Funding For Women Entrepreneurs – A Collective Effort

The bottom line is that while funders need to stretch further to reach female entrepreneurs, these entrepreneurs need to make their own efforts to connect and ready themselves to tap these resources. Only then will the latent economic value of women in our economy reach its full potential.

Jenny Retief

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It is well recognised that women are powerful drivers of economic growth in South Africa, and are vital to the country reaching its full economic potential. Yet women account for only 18% percent of business owners in South Africa, according to the second Mastercard Index of Women Entrepreneurs (MIWE), released earlier this year.

The reasons are many, including lack of financial literacy, but one of the biggest constraints facing women entrepreneurs is access to finance. As most women entrepreneurs are concentrated in the informal sector, the majority of them access financing through micro-lending institutions, which offer only limited support. When they are ready to grow into SMMEs, they again face difficulties in obtaining loans from commercial banks.

According to the ‘Inaugural South African SMME Access to Finance Report’, published last year by the online access to finance portal Finfind, the SMME sector provides a “compelling, largely untapped market opportunity for innovative funders”, estimating the SMME credit gap at between R86bn and R346bn.

Finfind’s research showed that many SMMEs that are eligible for funding are still unable to secure it due to their lack of finance readiness, i.e., they are unable to produce the financial documentation required by funders to assess bankability and affordability, in order to approve their funding applications. These documents include up-to-date management accounts, latest financial statements, budgets, forecasts and tax clearance certificates, among others.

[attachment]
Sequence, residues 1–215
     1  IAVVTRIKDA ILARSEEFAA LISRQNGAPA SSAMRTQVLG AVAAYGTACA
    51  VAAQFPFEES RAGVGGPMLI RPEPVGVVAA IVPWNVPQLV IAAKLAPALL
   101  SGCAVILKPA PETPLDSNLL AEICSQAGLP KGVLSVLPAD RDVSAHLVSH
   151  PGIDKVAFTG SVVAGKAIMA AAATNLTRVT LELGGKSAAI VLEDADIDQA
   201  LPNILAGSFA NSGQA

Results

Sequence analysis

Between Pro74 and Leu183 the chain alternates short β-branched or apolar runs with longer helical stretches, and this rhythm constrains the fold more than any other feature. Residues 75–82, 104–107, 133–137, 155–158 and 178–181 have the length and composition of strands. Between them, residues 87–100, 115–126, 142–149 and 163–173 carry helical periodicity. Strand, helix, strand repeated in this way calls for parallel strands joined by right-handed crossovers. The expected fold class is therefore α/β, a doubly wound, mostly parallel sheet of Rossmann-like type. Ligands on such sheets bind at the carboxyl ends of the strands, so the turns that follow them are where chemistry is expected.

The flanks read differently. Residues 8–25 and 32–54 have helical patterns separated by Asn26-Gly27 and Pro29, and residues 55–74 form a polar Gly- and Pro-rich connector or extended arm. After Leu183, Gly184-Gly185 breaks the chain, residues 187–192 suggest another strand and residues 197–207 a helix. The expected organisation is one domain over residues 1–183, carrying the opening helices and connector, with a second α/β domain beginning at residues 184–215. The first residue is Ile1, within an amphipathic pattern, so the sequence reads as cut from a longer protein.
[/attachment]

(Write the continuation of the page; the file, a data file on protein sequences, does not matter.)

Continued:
Related: Funding And Financial Assistance For SA Women Entrepreneurs

This was reiterated at the recent African Youth Networks Summit in Tswhane, where the head of Old Mutual Foundation Millicent Maroga stressed, “the key issue is a distinct lack of support in getting the business ready for funding”.

Enter initiatives like the Riversands Incubation Hub, a campus north of Sandton that houses over 150 established and start-up small businesses in subsidised premises, with access to business support services. One of its key values to its SMMEs is bridging the gap between them and the many players in the funding space, in particular through its annual FundEX event, a platform giving guidance and helping to match entrepreneurs with funders.

“Contrary to popular belief, there is funding available. FundEX provides practical guidance on what funding is available and what it takes to access this capital. It also gives entrepreneurs the opportunity to interact with a variety of funders, including banks, government funders and alternative funding platforms,” says Jenny Retief, CEO of Riversands Incubation Hub.

The theme this year is ‘Secrets of Scale’, unpacking what it takes to build a ‘fundable’ business. This is highly pertinent, as much of the complexity in the SMME funding environment is seated in the size of the business, and what stage of growth it is at.

Finfind’s research found that although SMMEs and start-ups may qualify for venture capital funding, funding opportunities for less scalable SMMEs are less promising. “This opens the door for new, innovative funding models to serve this section of the SMME market. Start-ups and micro-businesses represent a significant potential market for innovative funders who are able to develop new lending models tailored to address this growing market,” said the report.

As women proliferate in this space, they need to equip themselves with as much as information as possible about the funding opportunities out there, says Retief.

“The DTI, for example, offers funding programmes, and aggregators such as FinFind and others can help entrepreneurs navigate the more than 400 different funding solutions available in SA. Entrepreneurs can also boost their business by regular engagement with a mentor. Many incubation programmes offer this type of support,” she says.

Related: Watch List: 50 Black African Women Entrepreneurs To Watch